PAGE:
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Autistic, Not Autistic… who is the expert here

July 18, 2013

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I was on a bit of a high after Evie’s diagnosis came back as not autistic.   It was a relief. It was a huge guilt trip lifted off my shoulders.  I SHOULDN’T have put her in speech. I SHOULDN’T have put her in therapy.  She’s fine. I did ok. I made the right choices.   She come so far with no help.

I sent out e mails to my various support groups asking if other people had this type of thing happen.  What did it mean? How can the experts give the same test within a year and yield different results?  How could they have been wrong the first time?  I had so much stress and worry and for what?

And the emails I got back angered me.  E mails about how difficult high functioning girls are to diagnose.  E mails about how unlikely it is that my daughter ‘got better’ all by herself with no therapy within a year. ‘It doesn’t happen’ they say.   They all seemed to say the experts were wrong.  The second time.  That Evie is indeed on the spectrum.

And you wrestle with the ‘truth’. I mean, come on, get a blood test going already, doctors!  I want a scientific way to figure out if this is autism or not.  Enough with these tests that give you different results.

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I remember after the new diagnosis and thinking back to all the signs of her baby days.  The things that I said ‘I knew it’.  Those memories and moments weren’t gone. How could they point to autism and now… point to nothing.  Evie’s development WASN’T normal.   And I knew deep down. In that place that you don’t like to admit things.  That when the lady asked me ‘is this typical behavior for her?’ and I nodded my head and said emphatically yes! that I was lying.  These diagnosing things.. I know if you don’t have to go through this you don’t get it but its like a test.  Its like sitting there when your 3 year old takes a spelling test nobody asked her to study for.   You can’t help. You have to sit there and watch them pick apart your baby. Try to stick her in a box somewhere between normal and ‘needs an enormous amount of therapy for the rest of her life’. Ok not really but that’s how you see it when you’re sitting there waiting and watching.

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I’ve sat through so many of these tests that I knew exactly what the test people were looking for. I knew they were pushing her to hand flap. I knew they were pushing her to put things in her mouth and stim off certain things.  And I felt triumphant when she didn’t’ respond.   But what happened in that room. It was like a miracle or something. Because she didn’t display ‘typical’ behavior for Evie. And I lied.

While we were at the beach, Evie got so flappy she was 100x worse than Rett.  Constantly flapping her hands.  From happiness, from anxiousness.  All the time.  Things in her mouth constantly.  Making her little humming noises, acting like a puppy, ignoring other children and having little interest in them.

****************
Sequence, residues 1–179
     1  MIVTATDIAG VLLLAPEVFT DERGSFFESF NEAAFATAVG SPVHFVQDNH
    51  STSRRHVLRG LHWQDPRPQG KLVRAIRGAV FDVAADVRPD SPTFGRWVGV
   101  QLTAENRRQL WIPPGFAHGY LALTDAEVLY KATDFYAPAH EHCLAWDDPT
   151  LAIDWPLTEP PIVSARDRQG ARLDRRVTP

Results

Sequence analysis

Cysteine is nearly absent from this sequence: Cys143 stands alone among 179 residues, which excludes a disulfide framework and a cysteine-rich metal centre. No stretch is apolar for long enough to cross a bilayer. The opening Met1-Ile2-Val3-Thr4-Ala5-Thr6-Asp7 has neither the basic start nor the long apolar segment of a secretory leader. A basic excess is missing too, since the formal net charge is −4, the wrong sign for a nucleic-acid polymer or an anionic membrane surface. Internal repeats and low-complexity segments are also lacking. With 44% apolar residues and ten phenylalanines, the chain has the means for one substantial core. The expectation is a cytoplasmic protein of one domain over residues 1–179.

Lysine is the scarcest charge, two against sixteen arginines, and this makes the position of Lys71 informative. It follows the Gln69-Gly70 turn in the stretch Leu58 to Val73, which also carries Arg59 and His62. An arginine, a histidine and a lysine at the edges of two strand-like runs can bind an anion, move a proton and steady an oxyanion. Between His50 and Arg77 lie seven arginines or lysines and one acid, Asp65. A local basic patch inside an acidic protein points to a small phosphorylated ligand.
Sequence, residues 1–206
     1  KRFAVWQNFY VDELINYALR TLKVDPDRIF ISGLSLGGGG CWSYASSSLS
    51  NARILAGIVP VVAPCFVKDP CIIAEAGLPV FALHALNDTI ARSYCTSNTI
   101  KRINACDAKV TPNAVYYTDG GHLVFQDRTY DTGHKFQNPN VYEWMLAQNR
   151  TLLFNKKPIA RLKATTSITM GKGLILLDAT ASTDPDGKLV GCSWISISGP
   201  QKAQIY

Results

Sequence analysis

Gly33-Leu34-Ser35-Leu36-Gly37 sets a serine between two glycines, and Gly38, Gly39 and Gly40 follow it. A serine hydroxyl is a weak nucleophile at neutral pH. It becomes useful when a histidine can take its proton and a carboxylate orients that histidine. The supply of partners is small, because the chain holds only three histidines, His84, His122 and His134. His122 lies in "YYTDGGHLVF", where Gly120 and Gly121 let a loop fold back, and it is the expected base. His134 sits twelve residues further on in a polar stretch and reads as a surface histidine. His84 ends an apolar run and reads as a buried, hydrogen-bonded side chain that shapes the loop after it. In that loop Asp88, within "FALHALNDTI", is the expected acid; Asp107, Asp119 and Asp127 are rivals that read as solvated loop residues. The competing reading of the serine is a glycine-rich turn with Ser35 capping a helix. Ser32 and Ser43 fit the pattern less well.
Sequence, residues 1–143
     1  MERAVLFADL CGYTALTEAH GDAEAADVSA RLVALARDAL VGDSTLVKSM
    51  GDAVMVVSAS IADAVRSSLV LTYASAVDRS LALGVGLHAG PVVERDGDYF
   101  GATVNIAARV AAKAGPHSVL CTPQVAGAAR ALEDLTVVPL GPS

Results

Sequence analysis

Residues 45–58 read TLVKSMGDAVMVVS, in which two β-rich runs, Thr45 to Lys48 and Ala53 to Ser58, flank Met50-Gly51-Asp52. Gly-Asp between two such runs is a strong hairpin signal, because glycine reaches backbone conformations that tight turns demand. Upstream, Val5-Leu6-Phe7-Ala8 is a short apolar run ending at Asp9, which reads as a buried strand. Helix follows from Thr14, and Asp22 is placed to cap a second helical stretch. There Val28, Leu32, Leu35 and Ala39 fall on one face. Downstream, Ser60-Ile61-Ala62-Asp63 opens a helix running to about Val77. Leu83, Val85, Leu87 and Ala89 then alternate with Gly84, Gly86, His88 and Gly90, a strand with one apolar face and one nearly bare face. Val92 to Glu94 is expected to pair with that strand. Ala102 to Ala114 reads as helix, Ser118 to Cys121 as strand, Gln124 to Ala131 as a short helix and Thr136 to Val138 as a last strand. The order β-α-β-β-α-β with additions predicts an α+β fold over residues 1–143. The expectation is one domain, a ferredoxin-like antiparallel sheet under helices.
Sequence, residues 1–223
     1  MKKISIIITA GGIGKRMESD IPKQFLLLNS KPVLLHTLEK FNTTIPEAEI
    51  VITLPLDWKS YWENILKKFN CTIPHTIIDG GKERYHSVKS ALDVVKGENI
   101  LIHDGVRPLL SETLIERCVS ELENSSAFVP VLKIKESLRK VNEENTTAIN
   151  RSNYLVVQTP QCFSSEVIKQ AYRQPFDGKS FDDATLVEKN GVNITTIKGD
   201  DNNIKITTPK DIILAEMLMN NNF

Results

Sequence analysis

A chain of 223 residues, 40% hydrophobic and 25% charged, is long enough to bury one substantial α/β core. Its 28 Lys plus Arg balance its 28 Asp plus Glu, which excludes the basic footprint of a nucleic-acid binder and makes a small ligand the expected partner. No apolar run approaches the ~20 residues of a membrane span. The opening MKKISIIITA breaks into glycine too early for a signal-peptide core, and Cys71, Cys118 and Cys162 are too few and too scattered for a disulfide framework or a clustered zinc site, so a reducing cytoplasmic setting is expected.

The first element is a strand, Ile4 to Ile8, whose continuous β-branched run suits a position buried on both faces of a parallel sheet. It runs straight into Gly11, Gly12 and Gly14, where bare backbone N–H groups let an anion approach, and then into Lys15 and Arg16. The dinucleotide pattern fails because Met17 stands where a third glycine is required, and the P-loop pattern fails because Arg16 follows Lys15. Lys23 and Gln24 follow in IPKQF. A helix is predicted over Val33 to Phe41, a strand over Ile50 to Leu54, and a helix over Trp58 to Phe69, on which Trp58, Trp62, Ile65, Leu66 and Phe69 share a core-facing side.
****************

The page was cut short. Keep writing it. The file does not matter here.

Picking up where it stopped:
And you know what, I don’t care. I lied.  I probably screwed up her diagnosis. Maybe it will come back to haunt me.  Maybe not. The way I see it, if she can fool the test maybe she isn’t doing that badly regardless of what the issue is.

When I came back I contacted the lady that is helping me complete the deeming waiver and she told me that I can just ignore it. As long as I have a diagnosis, I can use that eval for 3 years.   I can still get help for her.  Then she saw their diagnosis write up and told me I can ‘maybe’ get help for her. Because she isn’t really delayed enough.  So we’ll see.  I can still get Champions for Children if she gets denied.

Evie is somewhere between a princess and a super hero.   Of that, I’m 100% certain.

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2 Comments leave one →
  1. July 18, 2013 5:07 pm

    God, I wish there is a blood test to definitely say yes or no. There’s just too many variables in diagnosing, depends on the day the child’s having…the one diagnosing…the parent’s feedback. There’s too many grey areas for the children who are not obviously autistic. Even with Dylan, some professionals say they don’t believe he has or he will be declassified and some say he is definitely on the spectrum. His speech path said he is not “autistic” but he is on the spectrum – what does that even mean??

    But it’s not clear even to me as his mom. Last night he started toe walking around, he hasn’t done that in forever. Of course, I panic. Then there are days that he is super social with others, talking clearly and getting his points across that I doubt the diagnosis.

    So again, I too wish there was a blood test that can say 100 percent if a child has autism or not.

  2. July 18, 2013 6:19 pm

    My older sister still doesn’t believe that the twins, Alanna especially, are autistic. She believes it for Travis, but is still in denial about the twins. And in the past two months, Alanna has started communicating with sign language, and has figured out the magic of eye contact in getting what she wants. I have to remind myself that girls tend to figure out the social stuff faster than boys, but that the autism is still there, and she should continue to have supports in place for dealing with it.

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